Apr 28, 2023 New Thoughts on Preaching on Marriage – Words of Grace – April 28, 2023
In sermons, seminars, and small group studies I have taught a lot on marriage over the years. This week, as I studied the passage addressing wives and husbands in 1 Peter 3, I noticed a change in my thinking and some new thoughts on preaching on marriage.
In the past, my focus was on explaining what submission looks like for wives and leadership responsibility means for husbands in a way that showed the goodness of God’s way and made it appealing to all. In other words, I have been trying to get Christians to agree with God’s word about the honorable way to live in marriage.
I plan to continue to do that. I have witnessed firsthand the natural push-back against talk of role distinctions within a relationship of people of equal personhood and standing before God. Christians will always be called to submit to the teaching of the Bible that says these roles are, in fact, true and good.
But my new thoughts on preaching on marriage take me back to realities that are the foundations of the specific instructions to wives and husbands found in 1 Peter 3 (also Ephesians 5 and Colossians 3).
This week, I realized how odd it must sound to people when they hear that Christians formulate their views and take their instructions from something external to them rather than the sense and feelings within them. We receive, listen to, and seek to follow wisdom revealed to us rather than determined within us. When we open the Bible and talk about marriage from it, we affirm that God has spoken on this subject, and that what he said is true and good.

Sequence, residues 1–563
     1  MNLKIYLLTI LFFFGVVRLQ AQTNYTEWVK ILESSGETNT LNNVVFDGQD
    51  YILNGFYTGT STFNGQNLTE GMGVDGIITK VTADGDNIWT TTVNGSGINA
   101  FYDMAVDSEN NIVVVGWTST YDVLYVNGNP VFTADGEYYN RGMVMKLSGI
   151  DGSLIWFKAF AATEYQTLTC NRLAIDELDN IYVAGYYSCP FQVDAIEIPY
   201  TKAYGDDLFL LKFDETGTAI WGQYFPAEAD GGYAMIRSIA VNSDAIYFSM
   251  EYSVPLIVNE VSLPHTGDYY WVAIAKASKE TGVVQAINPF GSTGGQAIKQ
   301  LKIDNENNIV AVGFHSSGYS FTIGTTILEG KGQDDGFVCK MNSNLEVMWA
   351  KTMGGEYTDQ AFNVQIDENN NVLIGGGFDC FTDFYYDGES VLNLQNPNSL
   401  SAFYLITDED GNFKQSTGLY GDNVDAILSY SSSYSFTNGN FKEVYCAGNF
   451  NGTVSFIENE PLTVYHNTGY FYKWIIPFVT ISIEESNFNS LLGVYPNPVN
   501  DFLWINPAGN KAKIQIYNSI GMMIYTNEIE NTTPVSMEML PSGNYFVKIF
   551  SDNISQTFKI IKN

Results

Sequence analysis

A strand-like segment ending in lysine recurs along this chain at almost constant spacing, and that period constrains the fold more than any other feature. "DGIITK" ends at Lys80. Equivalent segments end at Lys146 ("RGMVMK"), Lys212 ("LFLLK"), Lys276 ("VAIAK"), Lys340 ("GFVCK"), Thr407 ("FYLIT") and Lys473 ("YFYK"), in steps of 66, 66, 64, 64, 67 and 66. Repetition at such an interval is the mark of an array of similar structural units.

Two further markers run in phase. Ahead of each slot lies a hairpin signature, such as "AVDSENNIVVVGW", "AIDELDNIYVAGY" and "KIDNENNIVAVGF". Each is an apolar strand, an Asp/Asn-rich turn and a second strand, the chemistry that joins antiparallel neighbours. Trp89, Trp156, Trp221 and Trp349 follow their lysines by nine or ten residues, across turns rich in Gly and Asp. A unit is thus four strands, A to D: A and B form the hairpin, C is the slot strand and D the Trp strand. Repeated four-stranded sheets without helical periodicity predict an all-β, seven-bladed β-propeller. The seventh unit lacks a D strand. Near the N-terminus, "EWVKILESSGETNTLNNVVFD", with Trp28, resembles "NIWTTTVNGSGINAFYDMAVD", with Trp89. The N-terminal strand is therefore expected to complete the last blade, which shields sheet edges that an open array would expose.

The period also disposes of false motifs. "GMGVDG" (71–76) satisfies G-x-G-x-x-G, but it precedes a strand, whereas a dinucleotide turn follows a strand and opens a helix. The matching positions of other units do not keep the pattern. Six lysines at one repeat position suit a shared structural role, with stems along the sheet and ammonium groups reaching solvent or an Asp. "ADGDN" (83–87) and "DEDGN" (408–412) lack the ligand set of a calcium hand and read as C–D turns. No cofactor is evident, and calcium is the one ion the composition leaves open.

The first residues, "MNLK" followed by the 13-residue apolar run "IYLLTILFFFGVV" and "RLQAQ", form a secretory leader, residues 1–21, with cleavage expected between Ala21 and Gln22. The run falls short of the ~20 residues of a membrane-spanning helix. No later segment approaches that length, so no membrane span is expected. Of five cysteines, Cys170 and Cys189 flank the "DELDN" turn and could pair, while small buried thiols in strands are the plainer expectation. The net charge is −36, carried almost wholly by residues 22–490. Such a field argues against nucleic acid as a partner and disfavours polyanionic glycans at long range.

I realized that by preaching on marriage from the Bible, we are affirming marriage as normative, necessary, and good. That doesn’t mean everyone gets married. It means that when two people want to experience the kind of relationship that defines marriage (exclusive, sexual, procreative, family forming) it is in an actual marriage. We affirm that marriage comes with a publicly stated and personally kept commitment. Marriage, as opposed to “partnership”, matters.
I also realized that by teaching on the roles of husbands and wives, we are affirming that marriage consists of a man and a woman. The man and woman live together by taking on unique roles that contribute to the whole. They share a common life. If they are Christians, they are fellow heirs with Christ. And they are uniquely husband and wife.
I am newly aware that the specific instructions to wives and husbands in 1 Peter 3 assume many prior foundational realities that directly challenge the cultural thinking on marriage.
This leads to my final new thought on preaching on marriage. At a time of chaos, pain, instability, and disruption, the order and sanity of God’s ways for marriage can open the minds of disillusioned and exhausted people who have tried another way to live. The idea of eternal truth, external to us, revealed in the Bible, can start to make sense. God often grants repentance and faith to people who have tried other ways and found them to fail.
So, we will hold forth the honorable word on marriage with hopes that it will open minds to the truth that lies beneath it. That truth is also found in the Bible and has a name, Jesus.
See you Sunday,